According to Ayurveda, as the temperatures rise, the qualities of Pitta dosha (sharp, hot, penetrating) increase in our physiology. One might assume that that our digestive fire (or “agni”) would also become stronger. But in fact, in an attempt to regulate body temperature, our phyiology does its best to dispense heat and lower its own internal heating mechanisms. As a result, our ability to digest food actually diminishes. This is why we often feel less hungry and want to eat less during the summer months. It is important at this time to follow the body’s impulse to eat lighter and smaller meals.
Summer Food Tips
Increase sweet, bitter, and astringent tasting foods that are light in nature. Eat plenty of bitter salad greens. Lettuce, arugula, radicchio, basil, and endive are particularly Pitta balancing. Include cool drinks and raw foods in the diet, including cucumber, mango and coconut water. Natural fruit juices without added sugar, mint teas, and raw berries are good choices.
Reduce sour, salty, and pungent tastes
Favor: coconut water, watermelon, cilantro, leafy greens, okra, zucchini, asparagus, olive oil, sunflower oil, coconut oil, ghee, cucumber, soaked/peeled almonds, kale, broccoli, pomegranate, apples, cranberry, mint, dill, fennel, cardamom, coriander, saffron.
Avoid: tomatoes, eggplant, chili peppers, garlic, dry ginger, black pepper, fermented foods, spicy foods, sour fruits, heavy protein, mustard oil, molasses, coffee, alcohol.
Be sure to drink plenty of water to offset the drying and heating nature of Pitta. Add fresh mint or lime to your water. Cooling herbal teas such as peppermint, licorice, fennel or rose, taken at room temperature, can be extremely refreshing.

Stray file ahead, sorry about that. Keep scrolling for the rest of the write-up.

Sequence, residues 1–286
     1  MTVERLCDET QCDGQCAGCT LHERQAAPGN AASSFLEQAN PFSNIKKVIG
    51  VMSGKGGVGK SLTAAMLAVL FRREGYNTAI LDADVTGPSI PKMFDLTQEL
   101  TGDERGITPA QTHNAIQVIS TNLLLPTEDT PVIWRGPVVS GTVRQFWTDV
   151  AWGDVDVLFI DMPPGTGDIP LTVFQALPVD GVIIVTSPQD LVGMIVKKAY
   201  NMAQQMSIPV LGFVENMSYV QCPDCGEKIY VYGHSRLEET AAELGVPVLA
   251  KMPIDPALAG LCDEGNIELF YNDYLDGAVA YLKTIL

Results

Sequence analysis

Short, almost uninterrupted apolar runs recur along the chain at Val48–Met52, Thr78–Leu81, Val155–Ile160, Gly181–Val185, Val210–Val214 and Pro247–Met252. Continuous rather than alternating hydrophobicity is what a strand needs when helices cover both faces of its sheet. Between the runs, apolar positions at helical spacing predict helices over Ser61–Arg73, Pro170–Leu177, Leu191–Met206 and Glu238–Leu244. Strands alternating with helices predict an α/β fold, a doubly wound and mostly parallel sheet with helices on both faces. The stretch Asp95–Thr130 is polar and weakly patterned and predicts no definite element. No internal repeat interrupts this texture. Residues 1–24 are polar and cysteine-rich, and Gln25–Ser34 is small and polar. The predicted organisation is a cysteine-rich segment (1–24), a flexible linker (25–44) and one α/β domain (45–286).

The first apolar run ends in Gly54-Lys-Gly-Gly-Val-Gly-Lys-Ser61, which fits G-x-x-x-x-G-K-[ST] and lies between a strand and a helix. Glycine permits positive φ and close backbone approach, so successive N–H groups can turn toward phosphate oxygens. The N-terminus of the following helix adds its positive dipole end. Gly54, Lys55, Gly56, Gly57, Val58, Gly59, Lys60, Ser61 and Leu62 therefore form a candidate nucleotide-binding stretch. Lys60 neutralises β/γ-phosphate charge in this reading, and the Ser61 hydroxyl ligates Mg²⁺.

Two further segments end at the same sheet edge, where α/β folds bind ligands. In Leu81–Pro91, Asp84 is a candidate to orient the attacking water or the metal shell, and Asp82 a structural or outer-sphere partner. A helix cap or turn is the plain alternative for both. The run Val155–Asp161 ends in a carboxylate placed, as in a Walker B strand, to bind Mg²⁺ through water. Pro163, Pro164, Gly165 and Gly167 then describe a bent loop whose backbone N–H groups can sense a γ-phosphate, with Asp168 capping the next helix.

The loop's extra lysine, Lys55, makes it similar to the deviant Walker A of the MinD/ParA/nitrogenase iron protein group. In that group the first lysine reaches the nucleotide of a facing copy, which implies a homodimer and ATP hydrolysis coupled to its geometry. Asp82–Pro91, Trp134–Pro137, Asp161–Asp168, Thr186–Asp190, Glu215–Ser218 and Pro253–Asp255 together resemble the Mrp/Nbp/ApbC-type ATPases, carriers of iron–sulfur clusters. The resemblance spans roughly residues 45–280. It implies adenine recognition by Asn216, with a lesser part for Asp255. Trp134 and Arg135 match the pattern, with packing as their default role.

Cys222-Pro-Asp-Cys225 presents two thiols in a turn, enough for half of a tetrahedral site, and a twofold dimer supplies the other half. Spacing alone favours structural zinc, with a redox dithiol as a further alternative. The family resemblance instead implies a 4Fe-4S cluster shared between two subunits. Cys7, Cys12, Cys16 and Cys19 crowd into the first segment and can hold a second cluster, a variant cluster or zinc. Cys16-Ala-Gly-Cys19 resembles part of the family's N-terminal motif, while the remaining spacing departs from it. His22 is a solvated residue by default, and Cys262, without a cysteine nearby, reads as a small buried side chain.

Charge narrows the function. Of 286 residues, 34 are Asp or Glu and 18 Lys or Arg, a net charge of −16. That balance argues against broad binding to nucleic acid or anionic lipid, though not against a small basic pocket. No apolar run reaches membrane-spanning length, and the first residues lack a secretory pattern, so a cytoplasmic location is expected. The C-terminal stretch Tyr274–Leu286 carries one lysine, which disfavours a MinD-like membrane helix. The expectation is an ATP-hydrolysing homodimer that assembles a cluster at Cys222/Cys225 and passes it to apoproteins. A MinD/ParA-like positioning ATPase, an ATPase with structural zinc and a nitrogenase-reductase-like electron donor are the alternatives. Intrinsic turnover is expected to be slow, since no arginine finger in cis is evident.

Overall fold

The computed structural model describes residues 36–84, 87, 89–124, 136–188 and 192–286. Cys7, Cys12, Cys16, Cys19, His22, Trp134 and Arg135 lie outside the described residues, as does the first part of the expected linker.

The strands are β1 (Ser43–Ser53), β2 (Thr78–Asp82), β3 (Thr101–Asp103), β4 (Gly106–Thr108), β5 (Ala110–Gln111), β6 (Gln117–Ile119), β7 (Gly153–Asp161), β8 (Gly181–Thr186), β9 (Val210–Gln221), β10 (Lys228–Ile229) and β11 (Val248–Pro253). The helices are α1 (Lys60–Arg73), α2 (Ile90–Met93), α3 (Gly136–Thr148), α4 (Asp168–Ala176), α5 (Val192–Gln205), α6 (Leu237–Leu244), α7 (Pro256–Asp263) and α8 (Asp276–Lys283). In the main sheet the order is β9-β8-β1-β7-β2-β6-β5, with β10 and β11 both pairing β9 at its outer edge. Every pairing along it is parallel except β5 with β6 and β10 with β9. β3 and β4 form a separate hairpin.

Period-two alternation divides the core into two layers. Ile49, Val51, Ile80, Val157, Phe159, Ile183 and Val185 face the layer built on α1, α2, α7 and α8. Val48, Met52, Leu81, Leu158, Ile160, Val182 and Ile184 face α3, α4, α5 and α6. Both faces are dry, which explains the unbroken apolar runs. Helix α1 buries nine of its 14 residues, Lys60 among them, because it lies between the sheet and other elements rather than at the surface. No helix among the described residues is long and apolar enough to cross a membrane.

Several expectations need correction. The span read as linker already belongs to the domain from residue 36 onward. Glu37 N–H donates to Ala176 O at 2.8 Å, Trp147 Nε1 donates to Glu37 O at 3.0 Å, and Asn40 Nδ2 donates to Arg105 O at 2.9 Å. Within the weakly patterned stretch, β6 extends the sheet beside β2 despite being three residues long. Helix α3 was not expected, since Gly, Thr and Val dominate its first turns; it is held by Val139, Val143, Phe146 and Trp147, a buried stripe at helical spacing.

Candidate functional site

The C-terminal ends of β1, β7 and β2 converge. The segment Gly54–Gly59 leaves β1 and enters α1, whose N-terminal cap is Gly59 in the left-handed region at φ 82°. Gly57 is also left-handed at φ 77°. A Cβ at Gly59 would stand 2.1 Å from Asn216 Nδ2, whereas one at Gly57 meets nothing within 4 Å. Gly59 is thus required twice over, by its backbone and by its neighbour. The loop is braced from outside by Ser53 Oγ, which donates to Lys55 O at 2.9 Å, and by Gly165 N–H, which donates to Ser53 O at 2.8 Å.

Avoid iced drinks. While it is important to keep cool in the summer it is more important to keep our digestion strong. Room temperature liquids will be assimilated into your body more quickly and they will not extinguish your digestive fire.
Remember that incompletely digested foods create toxins and impurities that are eventually absorbed, travel throughout the body, localize in the tissues and disrupt their functioning. This process can play a major role in wide variety of chronic conditions, including insomnia, chronic fatigue, arthritis and heart disease.
Try this easy, Pitta-pacifying dessert:
Poached Peaches with Raspberry Coulee
Blanch peaches in boiling water. Remove skins. Blend raspberries and strawberries together with sugar or honey to taste. Spoon the berry mix over the poached peaches. Serve with a garnish of mint leaf.
(Be sure to always use unheated honey. When honey is heated beyond comfortable “sipping” temperature, it creates a sticky toxin that adheres to the body tissues and is difficult to cleanse. Adding honey to hot tea is fine, as long as the tea has cooled enough to sip comfortable. Never use honey for baking.)
( Picture of the pomegranate. Source: Google Advance Image Search.
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